tags: Maryland Center for Developmental Disabilities

By Nia Adams and Abby Budman

The Maryland Center for Developmental Disabilities (MCDD) recognizes the need to increase its trainees’ knowledge of suicide prevention strategies, in addition to other topics critical to the well-being of people with intellectual and/or developmental disabilities (IDD) and their families. As trainees, we are offered opportunities to attend conferences as a part of our internship. We are excited to share the knowledge we gained from attending different state and national conferences, and to share our reflections on these experiences.

On October 6, we attended Maryland’s 33rd Annual Suicide Prevention virtual conference as student participants. This conference exposed us to different topics such as suicide and mental health awareness, racial equity within suicide prevention, and the lived experiences of individuals and families impacted by suicide. One conference speaker discussed their personal experiences with suicide and the critical need for support from faith communities. This was a new perspective for us, and allowed us to tune in to the part of ourselves that is eager to help people with disabilities and others who are struggling with mental health challenges. Another speaker discussed their experience with losing a family member who died by suicide. Hearing their story allowed us to gain a better understanding of the emotional struggles that families go through and the need to support them through the grieving process. Although there were so many inspiring lessons learned from this conference, the main ones included tailoring suicide prevention programs to fit the needs of the community, and increasing mental health awareness and support within all communities. We recognize the importance of sharing what we learned with others, and look forward to applying our new knowledge in our future practice.

On November 1 through 3, we attended a three-day virtual conference, “Maternal Health & Disability: The Accessibility of Motherhood—A virtual conference on Disability and Pregnancy.” This three-day workshop discussed the perspectives of women with disabilities, stakeholders, providers and researchers. One panelist talked about how health information regarding pregnancy was not inclusive to individuals with disabilities, which leaves them with nothing to reference when it comes to giving birth or regarding the postpartum experience. Another panelist stressed that the stigma attached to people with disabilities trying to, and becoming, pregnant were the biggest obstacles they faced in the healthcare setting. Each stakeholder panelist discussed their individual experience with pregnancy and with their healthcare providers. As individuals who want to grow in the healthcare field, we found that the conference helped us understand what we need to do as students and future healthcare leaders to better support women with disabilities and their families.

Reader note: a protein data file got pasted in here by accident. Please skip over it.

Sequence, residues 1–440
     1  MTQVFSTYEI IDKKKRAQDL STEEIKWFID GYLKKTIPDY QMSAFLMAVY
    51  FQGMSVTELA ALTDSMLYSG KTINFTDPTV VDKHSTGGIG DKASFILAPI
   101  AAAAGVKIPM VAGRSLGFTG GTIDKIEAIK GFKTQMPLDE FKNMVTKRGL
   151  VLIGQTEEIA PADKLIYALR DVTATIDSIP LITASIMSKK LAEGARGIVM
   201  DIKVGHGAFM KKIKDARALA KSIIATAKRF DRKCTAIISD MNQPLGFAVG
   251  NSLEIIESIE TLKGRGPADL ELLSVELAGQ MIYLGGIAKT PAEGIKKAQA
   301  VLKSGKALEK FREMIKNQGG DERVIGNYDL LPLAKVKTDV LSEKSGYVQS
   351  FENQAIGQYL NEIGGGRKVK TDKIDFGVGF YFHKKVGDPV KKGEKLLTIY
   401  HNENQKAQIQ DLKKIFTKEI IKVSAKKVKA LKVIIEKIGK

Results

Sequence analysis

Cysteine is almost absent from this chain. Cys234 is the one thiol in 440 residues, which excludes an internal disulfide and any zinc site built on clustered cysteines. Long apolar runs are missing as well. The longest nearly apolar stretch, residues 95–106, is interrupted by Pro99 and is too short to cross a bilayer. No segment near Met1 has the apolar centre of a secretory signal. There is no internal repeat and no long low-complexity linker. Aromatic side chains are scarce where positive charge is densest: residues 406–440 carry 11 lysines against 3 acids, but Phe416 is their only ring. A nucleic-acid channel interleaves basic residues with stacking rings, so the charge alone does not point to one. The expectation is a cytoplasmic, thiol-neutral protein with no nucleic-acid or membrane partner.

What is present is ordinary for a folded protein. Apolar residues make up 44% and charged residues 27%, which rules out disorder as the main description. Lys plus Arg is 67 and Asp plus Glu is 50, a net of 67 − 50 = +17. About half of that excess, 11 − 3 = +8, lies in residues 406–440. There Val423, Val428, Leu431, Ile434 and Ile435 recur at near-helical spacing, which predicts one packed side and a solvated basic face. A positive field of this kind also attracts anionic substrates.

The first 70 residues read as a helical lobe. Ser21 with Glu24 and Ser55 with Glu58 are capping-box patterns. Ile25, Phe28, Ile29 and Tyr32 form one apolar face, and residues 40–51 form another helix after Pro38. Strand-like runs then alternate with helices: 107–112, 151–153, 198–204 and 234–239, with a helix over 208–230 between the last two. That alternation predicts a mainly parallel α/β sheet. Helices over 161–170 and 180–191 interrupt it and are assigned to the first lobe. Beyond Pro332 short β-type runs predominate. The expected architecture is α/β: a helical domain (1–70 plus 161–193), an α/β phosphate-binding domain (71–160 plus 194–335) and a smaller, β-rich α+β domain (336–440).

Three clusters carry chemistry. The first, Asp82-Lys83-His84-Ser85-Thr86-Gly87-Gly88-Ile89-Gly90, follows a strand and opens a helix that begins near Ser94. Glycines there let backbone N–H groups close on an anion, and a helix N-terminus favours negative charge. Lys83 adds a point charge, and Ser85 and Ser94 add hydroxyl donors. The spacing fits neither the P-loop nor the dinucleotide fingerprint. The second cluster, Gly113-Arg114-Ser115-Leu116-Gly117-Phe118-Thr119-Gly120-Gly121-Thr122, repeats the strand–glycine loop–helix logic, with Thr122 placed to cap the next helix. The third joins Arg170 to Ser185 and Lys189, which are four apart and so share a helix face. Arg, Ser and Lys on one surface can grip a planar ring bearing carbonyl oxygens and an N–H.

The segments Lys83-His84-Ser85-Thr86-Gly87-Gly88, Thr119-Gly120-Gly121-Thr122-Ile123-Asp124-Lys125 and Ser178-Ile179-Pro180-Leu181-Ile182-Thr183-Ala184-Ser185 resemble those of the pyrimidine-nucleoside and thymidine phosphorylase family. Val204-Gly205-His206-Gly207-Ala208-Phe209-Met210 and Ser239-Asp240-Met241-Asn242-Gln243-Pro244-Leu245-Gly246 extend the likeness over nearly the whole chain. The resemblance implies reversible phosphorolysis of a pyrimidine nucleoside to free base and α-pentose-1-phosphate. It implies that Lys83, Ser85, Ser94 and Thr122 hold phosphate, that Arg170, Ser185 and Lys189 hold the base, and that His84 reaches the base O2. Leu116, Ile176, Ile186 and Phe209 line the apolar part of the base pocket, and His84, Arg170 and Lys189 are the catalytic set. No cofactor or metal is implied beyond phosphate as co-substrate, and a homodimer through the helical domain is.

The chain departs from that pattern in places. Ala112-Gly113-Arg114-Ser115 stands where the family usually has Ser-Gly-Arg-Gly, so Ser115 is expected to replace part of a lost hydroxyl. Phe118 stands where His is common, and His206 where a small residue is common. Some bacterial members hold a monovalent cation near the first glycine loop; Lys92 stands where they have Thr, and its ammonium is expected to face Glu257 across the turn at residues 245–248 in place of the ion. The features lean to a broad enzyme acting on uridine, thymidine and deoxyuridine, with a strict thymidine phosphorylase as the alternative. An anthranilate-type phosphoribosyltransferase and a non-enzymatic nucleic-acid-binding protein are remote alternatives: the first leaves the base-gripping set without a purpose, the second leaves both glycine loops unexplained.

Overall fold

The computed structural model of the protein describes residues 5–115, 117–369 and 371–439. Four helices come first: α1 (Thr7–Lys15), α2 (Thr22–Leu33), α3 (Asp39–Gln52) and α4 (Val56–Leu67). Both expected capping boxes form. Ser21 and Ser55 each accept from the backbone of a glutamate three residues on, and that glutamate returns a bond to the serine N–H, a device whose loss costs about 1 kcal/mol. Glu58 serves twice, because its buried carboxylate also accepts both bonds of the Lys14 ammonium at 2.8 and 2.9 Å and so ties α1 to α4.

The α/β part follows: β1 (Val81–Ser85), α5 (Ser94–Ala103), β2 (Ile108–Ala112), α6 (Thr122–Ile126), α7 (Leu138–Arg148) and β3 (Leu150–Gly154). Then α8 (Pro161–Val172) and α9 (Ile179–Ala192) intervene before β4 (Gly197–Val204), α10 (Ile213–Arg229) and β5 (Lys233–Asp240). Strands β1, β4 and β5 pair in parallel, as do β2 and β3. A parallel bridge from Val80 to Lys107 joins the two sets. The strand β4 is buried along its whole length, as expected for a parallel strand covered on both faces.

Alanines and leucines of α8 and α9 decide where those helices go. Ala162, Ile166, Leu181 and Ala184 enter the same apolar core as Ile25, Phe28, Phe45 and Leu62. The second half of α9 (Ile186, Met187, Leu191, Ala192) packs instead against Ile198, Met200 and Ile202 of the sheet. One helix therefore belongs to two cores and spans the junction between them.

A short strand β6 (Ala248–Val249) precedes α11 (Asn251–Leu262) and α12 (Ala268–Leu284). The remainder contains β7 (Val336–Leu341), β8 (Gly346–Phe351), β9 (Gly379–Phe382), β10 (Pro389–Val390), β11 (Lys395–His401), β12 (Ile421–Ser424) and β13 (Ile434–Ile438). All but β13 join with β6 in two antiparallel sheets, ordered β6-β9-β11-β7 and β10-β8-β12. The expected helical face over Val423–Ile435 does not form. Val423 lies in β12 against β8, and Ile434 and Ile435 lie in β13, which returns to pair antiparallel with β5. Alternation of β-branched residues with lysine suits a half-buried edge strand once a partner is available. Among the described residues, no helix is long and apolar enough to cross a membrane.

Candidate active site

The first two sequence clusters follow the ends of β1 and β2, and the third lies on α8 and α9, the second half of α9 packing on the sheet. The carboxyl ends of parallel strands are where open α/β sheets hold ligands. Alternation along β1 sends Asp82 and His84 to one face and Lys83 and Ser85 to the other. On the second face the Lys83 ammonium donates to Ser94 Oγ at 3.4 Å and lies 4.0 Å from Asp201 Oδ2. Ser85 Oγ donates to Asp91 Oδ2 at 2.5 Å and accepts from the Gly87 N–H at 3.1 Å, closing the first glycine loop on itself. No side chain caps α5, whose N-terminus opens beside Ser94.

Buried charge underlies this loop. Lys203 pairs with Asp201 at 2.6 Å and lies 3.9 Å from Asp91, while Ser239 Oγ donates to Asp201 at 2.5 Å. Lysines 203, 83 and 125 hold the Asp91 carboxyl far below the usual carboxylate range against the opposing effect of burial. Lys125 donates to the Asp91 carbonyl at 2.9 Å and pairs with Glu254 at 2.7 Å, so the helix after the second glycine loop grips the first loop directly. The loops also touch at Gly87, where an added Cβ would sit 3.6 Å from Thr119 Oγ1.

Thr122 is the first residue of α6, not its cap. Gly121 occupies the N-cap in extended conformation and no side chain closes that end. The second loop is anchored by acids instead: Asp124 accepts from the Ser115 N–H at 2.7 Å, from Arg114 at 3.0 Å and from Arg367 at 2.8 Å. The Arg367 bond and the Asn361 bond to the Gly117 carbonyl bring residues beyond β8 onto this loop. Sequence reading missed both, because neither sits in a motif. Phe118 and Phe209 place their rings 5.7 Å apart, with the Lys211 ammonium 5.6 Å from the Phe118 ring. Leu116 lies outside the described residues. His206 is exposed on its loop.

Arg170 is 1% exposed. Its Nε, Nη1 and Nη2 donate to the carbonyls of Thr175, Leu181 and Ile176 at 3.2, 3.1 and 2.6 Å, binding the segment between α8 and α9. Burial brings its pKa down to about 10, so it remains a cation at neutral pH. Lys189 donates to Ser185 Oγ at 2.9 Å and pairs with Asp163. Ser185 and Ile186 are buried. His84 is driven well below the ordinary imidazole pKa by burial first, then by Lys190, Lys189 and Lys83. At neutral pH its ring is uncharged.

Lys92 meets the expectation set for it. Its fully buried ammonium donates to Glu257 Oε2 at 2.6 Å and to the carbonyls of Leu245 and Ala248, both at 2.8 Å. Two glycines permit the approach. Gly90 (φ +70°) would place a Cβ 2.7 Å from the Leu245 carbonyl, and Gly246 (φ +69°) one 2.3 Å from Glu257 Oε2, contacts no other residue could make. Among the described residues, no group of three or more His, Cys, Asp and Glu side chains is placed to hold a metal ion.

On November 15 through 17, we attended the three-day Association of University Centers on Disabilities (AUCD) conference. Each day opened with different plenary sessions with great leaders, advocates and activists in the field of IDD. Participants attended training sessions on topics of their choice, many of which were relevant to the projects we are working on as trainees, including mental health literacy, school-based sexual education, and the voice of families caring for persons with IDD. The presenters in one of the sessions discussed how caregivers or “gatekeepers,” people close to a person with IDD, can use their knowledge of mental health to address concerns that may arise. Also discussed was how to better address the lack of mental health services for individuals with IDD. One of the biggest takeaways from this session was learning how to listen and validate a person’s thoughts and concerns without judgment. Another session was on sexual and reproductive health in the IDD community. Sexual and reproductive health are important topics for all individuals, but because of stigmatisms and stereotypes associated with IDD, there is little to no sex education curriculum in the school setting offered to students with IDD.

As future healthcare providers and leaders, we feel it is important that we hear from self-advocates about how their needs can be met, and what barriers inhibit their overall success. On the second day of the conference, we attended a session about the perspectives of children and families with special healthcare needs. We gained knowledge from first-hand stories from parents and families, and we connected our observations to one of our own projects, the Disability Perspective Experience. To provide the best services to children with disabilities and their families, it is critical to understand their point of view. Many parents talked about the importance of support, the positive and negative effects of COVID-19 on their lives, and the importance of equitable services and programs for their children. Overall, the opportunity to attend this conference opened our minds to new perspectives, ideas, the role we play in the healthcare field and the importance of collaboration across all system levels in the community. It was empowering to hear from so many different people, all working toward the same goal of improving opportunities for, and quality of life of, individuals with IDD.